Who knew Full Moon movies could be intelligent? Full Moon Entertainment is a production company created by Charles Band after Band's Empire International Pictures closed its doors. Full Moon production weren't as good as Empire productions, but they still made some great films, like Puppet Master, Dollman, and Oblivion. One film that is also fairly well known amongst Full Moon fans is Castle Freak. I had not had the opportunity to view this gem until today, when I picked it up on VHS. That thing beneath the sheets may not be furniture; it could be the...
Castle Freak 1995 Review
John (Jeffrey Combs), Susan (Barbara Crampton), and Rebecca (Jesca Dollarhide) Reilly move into an Italian castle that John inherited. It turns out he was related to a duchess who died in that castle where her son had supposedly died forty years prior. The family moves in, and it turns out that their son JJ was killed in a car accident when John was driving drunk, which also resulted in Rebecca long her ght. John and Susan are on the verge of divorce, which causes lots of tenon while staying in the castle.
However, tenons aren't the only thing the family has to worry about. Giorgio, the duchess's deformed, supposedly dead son, has actually been held captive in the castle dungeon all these years as her whipping boy. Giorgio breaks free of his chains and begins haunting the castle while hiding himself with a bed sheet. He starts to kill anyone unfortunate enough to cross his path. John gets accused of murdering the people, and realizes exactly what's been going on at his castle. He rushes to escape the police and save his family, but is it too late?
While the plot may seem illogical, which may lead to some confuon as to why I find this film intelligent, the way it is executed is expertly done. Stuart Gordon (Re-Animator) is directing, and this time, he gives it a serious tone (though there is some black, black humor), which is surpring, because the films he did with Empire were campy and fun. That isn't a complaint, because he pulls it off spectacularly. The Gothic atmosphere is heavy, and the undertones are never treated as a joke. The film was shot at an actual castle, which adds to the film's realism. The make-up effects were surpringly well-done, and the Giorgio monster is a ckening creation.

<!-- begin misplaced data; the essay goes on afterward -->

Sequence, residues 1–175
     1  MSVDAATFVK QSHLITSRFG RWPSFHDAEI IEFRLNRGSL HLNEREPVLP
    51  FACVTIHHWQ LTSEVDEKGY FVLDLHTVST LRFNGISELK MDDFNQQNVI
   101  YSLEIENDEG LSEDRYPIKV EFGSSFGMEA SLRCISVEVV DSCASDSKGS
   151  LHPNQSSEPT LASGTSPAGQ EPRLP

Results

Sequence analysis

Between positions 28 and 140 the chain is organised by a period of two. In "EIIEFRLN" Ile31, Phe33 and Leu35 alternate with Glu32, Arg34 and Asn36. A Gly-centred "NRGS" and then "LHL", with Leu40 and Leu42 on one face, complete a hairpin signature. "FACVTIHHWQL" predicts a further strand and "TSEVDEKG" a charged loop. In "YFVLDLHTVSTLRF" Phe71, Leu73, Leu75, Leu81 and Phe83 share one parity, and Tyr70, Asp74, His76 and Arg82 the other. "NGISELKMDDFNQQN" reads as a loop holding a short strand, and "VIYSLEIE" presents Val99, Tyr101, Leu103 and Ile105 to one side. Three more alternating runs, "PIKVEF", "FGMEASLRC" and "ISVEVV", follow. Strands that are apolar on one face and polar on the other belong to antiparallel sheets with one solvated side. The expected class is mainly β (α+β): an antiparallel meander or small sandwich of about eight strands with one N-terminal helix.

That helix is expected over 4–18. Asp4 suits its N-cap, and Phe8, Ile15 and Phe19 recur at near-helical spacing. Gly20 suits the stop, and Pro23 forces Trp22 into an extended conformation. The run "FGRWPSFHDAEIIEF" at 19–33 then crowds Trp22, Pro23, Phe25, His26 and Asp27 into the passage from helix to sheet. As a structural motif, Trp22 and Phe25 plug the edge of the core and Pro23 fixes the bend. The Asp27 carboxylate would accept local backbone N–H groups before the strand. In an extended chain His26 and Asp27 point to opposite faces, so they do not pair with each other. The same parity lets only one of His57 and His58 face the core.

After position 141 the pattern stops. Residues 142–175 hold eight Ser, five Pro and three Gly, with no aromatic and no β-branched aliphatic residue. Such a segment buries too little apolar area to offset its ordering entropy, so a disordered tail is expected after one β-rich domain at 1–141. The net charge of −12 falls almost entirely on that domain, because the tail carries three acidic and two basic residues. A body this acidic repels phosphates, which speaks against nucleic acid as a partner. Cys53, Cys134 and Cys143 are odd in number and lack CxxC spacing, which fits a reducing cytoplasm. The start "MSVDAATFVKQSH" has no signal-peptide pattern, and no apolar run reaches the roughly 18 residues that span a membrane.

Now when I say black humor, I mean it. There's a scene where Giorgio watches John have sex with a hooker he brought to the castle while drunk, and he views him sucking on...well, certain parts of her anatomy. Giorgio captures the hooker, brings her to the dungeon, and tries to imitate John. Well, Giorgio confuses "sucking" with "biting", which leads to a very grotesque scene. There's full-frontal nudity from males and females, and even if you're a woman, you're not going to enjoy this male full-frontal. The acting is great, even though some of the dialogue is poorly written. Like I said, the atmosphere is great, even though I'm not a big fan of Gothic horror. The interactions between Susan and John are very convincing, and the metaphor that Giorgio represents the evil that's tearing the family apart is a great underlying tone throughout the film.
There isn't a lot to say about Castle Freak. It's a very intelligent and serious horror flick produced by Full Moon and has gained a large cult following. I was surprised to see all the merchandise the film has spawned, including action figures and even a Halloween mask. This is one of Full Moon's better productions until Paramount stopped funding them a short while later, and when that happened, quality in their movies dropped tremendously. I mean, just look at Curse of the Puppet Master, AKA Stock Footage of the Puppet Master! The ending was kind of depresng, but overall, the movie deserves ahttp://www.robozone.com/auctions/FMTLH03B.jpg" class="photoborder" />